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June 29, 1946 — Partial Solar Eclipse

What the eclipse will look like near the maximum point

The animation shows what the eclipse approximately looked like near the maximum point of the eclipse


Where to see the eclipse

Regions seeing at least a partial eclipse: North in Europe, North in North America, Arctic.

Example cities where partial eclipse was visible

Was this eclipse visible in New York?

Solar Eclipse Path

Up to 40% of the sun is covered.

Eclipse is not visible at all.

Shades of darkness

Night

Astronomical Twilight (Sun is 12 - 18 degrees below the horizon).

Nautical Twilight (Sun is 6 - 12 degrees below the horizon).

Civil Twilight (Sun is 0 - 6 degrees below the horizon).

Day

Up to 40% of the sun is covered.

Eclipse is not visible at all.

Note: Percentage values (%) relate to moon coverage of the sun and depends on location. Visibility is weather permitting.


When the eclipse happens worldwide

The eclipse starts at one location and ends at another. The times below are actual times (in UTC) when the eclipse occurs.

EventUTC TimeTime in New York*
First location to see partial eclipse beginJun 29 at 2:57 AMJun 28 at 10:57 PM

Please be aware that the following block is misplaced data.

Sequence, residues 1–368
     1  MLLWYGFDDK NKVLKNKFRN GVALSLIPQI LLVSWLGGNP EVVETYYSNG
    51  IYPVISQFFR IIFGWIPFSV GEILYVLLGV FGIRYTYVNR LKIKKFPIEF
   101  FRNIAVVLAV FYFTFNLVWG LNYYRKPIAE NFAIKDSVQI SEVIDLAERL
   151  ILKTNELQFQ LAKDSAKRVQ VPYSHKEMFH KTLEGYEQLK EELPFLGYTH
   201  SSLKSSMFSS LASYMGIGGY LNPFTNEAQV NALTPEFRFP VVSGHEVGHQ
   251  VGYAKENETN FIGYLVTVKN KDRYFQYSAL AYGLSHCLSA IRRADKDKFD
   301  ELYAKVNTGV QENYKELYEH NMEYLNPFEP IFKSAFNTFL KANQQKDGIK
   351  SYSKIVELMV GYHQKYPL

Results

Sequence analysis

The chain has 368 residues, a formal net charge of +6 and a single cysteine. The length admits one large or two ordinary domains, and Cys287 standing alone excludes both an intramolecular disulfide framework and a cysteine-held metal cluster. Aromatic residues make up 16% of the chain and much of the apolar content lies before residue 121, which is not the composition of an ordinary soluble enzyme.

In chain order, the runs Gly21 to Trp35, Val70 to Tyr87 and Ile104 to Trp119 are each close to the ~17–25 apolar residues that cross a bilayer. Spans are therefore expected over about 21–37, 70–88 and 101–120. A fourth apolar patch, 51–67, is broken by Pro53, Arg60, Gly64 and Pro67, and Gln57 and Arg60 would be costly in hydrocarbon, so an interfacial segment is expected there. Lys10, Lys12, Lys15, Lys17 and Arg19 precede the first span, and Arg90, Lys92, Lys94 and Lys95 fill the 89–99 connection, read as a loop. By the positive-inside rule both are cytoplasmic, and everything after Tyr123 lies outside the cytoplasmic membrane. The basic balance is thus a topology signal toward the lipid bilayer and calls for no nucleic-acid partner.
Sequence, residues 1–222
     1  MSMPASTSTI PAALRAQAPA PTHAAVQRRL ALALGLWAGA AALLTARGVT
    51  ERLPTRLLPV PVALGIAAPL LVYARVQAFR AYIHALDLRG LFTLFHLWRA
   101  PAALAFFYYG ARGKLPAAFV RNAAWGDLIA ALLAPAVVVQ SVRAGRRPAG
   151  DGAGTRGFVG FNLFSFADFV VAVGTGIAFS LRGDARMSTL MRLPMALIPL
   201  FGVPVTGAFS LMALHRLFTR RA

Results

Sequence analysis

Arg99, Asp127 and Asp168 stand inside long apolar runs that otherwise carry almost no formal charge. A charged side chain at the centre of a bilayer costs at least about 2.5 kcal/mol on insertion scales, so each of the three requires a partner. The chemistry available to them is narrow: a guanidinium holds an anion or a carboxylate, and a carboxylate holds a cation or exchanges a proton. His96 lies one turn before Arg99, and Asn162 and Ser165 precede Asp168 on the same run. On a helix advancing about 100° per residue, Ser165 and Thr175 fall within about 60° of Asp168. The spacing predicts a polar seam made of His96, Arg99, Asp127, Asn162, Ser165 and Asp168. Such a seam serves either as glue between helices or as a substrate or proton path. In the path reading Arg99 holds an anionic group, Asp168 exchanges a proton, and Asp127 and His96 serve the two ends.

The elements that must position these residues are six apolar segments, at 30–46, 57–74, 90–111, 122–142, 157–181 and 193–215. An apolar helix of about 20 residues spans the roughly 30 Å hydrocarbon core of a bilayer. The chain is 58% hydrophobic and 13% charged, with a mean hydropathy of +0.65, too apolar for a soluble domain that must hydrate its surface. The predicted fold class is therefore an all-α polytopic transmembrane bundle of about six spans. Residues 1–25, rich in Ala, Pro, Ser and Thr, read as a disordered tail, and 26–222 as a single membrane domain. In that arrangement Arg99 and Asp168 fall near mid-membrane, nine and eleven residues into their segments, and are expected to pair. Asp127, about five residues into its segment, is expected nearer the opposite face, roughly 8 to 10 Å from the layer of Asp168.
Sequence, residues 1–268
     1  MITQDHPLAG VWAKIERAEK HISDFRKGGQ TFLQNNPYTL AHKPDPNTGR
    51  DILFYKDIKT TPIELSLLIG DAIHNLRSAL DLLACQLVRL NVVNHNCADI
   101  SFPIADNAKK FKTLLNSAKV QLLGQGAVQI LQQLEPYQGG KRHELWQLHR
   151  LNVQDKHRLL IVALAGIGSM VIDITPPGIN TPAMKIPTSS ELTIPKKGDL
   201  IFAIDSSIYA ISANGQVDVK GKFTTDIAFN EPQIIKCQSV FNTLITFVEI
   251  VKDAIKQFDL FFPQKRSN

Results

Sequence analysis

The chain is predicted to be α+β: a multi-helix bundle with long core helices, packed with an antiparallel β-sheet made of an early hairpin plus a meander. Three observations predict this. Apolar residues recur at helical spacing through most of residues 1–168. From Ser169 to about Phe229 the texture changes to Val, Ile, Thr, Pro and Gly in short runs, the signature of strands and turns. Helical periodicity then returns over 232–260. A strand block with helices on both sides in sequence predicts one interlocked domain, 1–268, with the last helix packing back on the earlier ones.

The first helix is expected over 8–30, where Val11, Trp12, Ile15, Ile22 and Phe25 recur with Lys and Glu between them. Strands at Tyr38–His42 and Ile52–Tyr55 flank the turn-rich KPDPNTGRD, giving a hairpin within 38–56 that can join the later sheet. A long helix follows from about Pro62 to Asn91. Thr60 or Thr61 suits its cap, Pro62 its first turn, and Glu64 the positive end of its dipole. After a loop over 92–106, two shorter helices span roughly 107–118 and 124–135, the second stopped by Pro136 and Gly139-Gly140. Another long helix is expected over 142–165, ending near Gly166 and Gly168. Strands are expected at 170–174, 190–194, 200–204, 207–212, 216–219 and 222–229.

Maximum EclipseJun 29 at 3:52 AMJun 28 at 11:52 PM
Last location to see partial Eclipse endJun 29 at 4:46 AMJun 29 at 12:46 AM

* Local times shown do not refer to when the eclipse could be observed from New York. Instead, they indicate the times when the eclipse began, was at its max, and ended, somewhere else on earth. The corresponding local times are useful if you wanted to view the eclipse via a live webcam.
Eclipses visible in New York.

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Eclipses visible from your city


Eclipses during year 1946


Eclipses during year 2015

Eclipses during year 2016

See all Solar & Lunar Eclipses Worldwide


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About Lunar Eclipses

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